Home > Parenting > Hitting the slopes, nosepickers in toe

Hitting the slopes, nosepickers in toe

A bluebird day at Blackcomb - what's not to like?

There are many things I love to do with my children: read books, watch movies, discuss dental hygiene, impart didactic stories from my youth, tickle them silly.  Absent from the list is anything requiring physical strength; for all of my redeeming qualities, patience does not make the list, and boatloads of patience is required when cajoling three children of different sizes and abilities into breaking a sweat.

I love to ski, and have from the first moment I forced my foot into a borrowed ski boot that was two sizes too small, so from the get-go I can’t for the life of me understand their opposition to this sport.  I cringe inwardly when I hear these words come out of my mouth: “When I was a little girl….” so I don’t say it to them, but I just realized I CAN say it here.  What follows is a diatribe.

I dreamed of skiing as a child.  I watched ski race coverage religiously on the ABC Wide World of Sports, salivating at the spectacle of skiers effortlessly flying down steep slopes, averting my eyes when they careened into fences and spectators.  Fascinating stuff.

Nova Scotia, my old stomping ground, is not known for its mountainous terrain, the closest hill (or bump, or mosquito bite) was an hour away.  Despite this, there was an active skiing community that I longed to be a part of, even though my parents didn’t ski and it was prohibitively expensive.

Here is where having several older siblings of driving age is an asset (because sharing one box of cookies amongst nine children certainly wasn’t).  My sister was part of this hot-rod skiing community, and she took my pain-in-the-butt-ten-year-old self, for some reason, skiing once a year for a spell.

My siblings liberally chime in about my many misgivings as a child  – and now adult – but even they will admit I was a joy to teach skiing; I’ve probably not been as keen or as excited about learning anything since.  They may, however, have been embarrassed to be associated with me, since my thrown-together, borrowed ski ensemble resembled a garage sale more than an outfit.

I wish I had a picture to show my own kids, who’s splashy ski suits and matching gloves and helmets never seem to make their grade.  I grit my teeth.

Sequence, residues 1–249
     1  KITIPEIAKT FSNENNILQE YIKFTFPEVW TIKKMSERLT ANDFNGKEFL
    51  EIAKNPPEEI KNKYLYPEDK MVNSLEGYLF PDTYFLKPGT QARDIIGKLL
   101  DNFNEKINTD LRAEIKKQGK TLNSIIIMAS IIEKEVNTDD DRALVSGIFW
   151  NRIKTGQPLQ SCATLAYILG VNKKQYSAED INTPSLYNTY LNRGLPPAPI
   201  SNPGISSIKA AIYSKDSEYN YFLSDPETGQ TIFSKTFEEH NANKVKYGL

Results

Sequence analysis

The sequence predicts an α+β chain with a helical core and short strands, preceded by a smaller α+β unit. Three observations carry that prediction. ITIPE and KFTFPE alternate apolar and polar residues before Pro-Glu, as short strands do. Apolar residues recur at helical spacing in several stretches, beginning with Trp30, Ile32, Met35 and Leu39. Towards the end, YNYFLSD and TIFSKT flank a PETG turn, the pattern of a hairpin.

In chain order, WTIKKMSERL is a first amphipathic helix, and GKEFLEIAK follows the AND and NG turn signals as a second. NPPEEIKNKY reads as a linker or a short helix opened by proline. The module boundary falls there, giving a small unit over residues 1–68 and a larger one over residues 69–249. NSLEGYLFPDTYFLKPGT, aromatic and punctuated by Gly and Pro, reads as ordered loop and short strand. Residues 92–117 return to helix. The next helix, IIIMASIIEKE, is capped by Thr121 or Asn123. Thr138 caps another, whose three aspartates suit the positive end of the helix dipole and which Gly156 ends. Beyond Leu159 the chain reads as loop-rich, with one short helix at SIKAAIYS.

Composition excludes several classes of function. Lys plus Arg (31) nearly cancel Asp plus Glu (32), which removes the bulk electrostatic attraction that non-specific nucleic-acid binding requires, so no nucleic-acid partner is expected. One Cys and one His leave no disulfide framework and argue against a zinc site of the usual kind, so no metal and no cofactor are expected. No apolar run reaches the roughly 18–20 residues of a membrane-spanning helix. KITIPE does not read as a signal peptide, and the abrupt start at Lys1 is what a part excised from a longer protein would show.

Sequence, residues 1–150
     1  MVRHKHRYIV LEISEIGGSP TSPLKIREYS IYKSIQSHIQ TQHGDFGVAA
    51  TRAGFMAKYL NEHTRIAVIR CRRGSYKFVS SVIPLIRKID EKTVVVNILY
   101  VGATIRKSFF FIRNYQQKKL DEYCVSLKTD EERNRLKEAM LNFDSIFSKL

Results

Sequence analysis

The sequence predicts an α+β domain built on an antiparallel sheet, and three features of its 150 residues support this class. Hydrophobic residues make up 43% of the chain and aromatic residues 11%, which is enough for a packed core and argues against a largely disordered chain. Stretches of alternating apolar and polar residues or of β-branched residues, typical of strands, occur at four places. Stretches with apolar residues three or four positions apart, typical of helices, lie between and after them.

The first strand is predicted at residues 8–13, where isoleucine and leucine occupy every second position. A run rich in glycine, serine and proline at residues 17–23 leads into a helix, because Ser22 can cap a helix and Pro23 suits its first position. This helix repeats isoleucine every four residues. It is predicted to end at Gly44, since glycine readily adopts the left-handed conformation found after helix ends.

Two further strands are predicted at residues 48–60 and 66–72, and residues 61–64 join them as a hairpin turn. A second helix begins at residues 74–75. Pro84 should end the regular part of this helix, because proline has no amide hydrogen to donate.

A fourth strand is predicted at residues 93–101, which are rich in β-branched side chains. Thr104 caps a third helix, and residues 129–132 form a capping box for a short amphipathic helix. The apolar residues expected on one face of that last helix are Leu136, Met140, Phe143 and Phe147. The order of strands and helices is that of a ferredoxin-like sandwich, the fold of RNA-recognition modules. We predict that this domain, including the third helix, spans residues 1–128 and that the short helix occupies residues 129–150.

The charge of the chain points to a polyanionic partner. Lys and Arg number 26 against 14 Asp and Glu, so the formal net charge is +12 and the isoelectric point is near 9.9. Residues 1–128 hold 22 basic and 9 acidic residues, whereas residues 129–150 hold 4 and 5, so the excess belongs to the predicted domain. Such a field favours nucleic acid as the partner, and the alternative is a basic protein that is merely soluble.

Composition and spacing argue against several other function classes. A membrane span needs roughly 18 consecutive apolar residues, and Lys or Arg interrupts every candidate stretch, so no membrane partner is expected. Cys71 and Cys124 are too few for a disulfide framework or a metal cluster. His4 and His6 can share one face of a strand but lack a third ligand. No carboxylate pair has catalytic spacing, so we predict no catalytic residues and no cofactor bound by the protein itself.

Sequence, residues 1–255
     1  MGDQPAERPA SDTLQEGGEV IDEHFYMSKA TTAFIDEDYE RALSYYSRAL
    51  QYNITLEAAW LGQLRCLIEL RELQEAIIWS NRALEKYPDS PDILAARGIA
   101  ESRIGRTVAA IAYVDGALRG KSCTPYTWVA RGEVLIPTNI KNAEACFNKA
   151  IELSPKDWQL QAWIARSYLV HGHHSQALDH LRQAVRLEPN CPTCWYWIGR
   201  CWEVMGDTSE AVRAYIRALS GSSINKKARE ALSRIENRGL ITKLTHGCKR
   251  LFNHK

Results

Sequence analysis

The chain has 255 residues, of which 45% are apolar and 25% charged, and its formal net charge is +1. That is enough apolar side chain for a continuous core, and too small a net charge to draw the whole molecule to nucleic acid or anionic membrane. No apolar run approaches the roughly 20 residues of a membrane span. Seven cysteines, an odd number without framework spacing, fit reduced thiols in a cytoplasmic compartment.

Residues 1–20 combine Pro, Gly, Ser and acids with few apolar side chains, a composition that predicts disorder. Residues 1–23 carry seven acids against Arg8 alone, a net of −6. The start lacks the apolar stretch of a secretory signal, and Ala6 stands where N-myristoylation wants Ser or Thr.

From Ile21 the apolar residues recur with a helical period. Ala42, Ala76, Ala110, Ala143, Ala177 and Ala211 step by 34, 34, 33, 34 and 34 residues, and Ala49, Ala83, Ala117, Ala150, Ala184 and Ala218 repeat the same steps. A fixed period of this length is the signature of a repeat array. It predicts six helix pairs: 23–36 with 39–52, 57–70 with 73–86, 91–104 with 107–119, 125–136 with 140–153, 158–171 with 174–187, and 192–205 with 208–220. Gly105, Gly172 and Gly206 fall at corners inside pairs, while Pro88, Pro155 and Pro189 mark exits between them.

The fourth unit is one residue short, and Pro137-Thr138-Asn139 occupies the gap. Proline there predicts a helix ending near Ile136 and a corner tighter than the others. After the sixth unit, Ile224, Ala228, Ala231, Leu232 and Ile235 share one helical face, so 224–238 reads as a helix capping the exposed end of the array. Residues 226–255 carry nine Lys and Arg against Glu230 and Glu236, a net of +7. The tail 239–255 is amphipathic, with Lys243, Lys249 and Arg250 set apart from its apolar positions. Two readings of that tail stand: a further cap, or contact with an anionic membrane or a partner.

Ella, not so happy

I remember refusing to go in for lunch, choosing to eat a sandwich instead while in line for the t-bar (It was all t-bars and rope tows in those days, so sitting down was out of the question).  I remember thinking my hands were going to fall off from cold, but not wanting to complain in case I was made to go inside.  I remember drinking nothing, despite almost unbearable thirst, so that I wouldn’t have to go to the bathroom.  I remember legs shaking from fatigue, and swallowing snot in lieu of finding Kleenex.

Granted, I am not as hard core these days, but you see where I’m going with this: I was so thankful for the opportunity to ski that I thought I’d never have, I was determined to make the most of it.  Those nights when I came home from the slopes, I would lay in bed with the sensation of the t-bar pulling me up the hill, reliving each moment of my ski day.

None of my children have this ski bug, despite the phenomenal ski terrain at our doorstep and access to the best instruction in the world.  Kids today.  The mere mention of going skiing sends them into a tirade of reasons why we shouldn’t.  It breaks my heart.  If I hadn’t birthed them myself, I would be seriously questioning their DNA.

Like playing golf is a good way of ruining a nice walk, skiing with my children was the worst way to spend a day that I could think of.  The expense and time of suiting them all up, only to log three runs between hot chocolate/lunch/pee/cold feet breaks, not to mention the tears and complaints, was not worth the colossal effort.

But there is hope on the horizon.

On New Year’s day, under the ideal conditions of a bluebird sky, temperature inversion, and no line ups, I had a pleasant ski day with my children.  We stuck to very doable blue runs, had fun with jumps in the terrain garden, and raced through the gates on the GMC race course.  This is big news in my life.

Finally, all smiles

I learned years ago that my children will be the opposite of me, despite my best laid plans; but where skiing is involved I might win the day yet.  Very fitting with my New Year’s mantra: Anything is possible in 2011.






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  1. January 5, 2011 at 3:08 am

    I don’t ski (the knee thing again), but I totally agree that playing golf is a good way to ruin a nice walk!

    My children never agree with me about clothing choices…sometimes they surprise me by saying they like what I picked out! Glad your kids came around to your way of thinking…

    Wendy

    • January 7, 2011 at 5:27 am

      I fear it will get much worse for me before it gets better, I’m bracing myself.

  2. January 6, 2011 at 4:27 pm

    I learned to ski the hard way … on the narrow, congested, icy slopes of Western North Carolina. As a novice, nothing curbs your enthusiasm like trying to execute an effective “snow-plow” on boiler plate ice while trying to aviod that painful face-plant, as dozens of panic stricken kamkazis streak by you with the same panic stricken look on their faces that you’re sporting.

    There is also nothing quite like a 30 minute lift line that culminates in a 90 second skid down the hill.

    After years of this, we finally splurged on a trip to Park City for a week.

    I had more enjoyable skiing in that single week than in the 15+ years previous and found myself wondering why I hadn’t listened to the folks who already knew the truth.

    — Judson

    • January 7, 2011 at 5:23 am

      Better late than never! Thanks for your comment.

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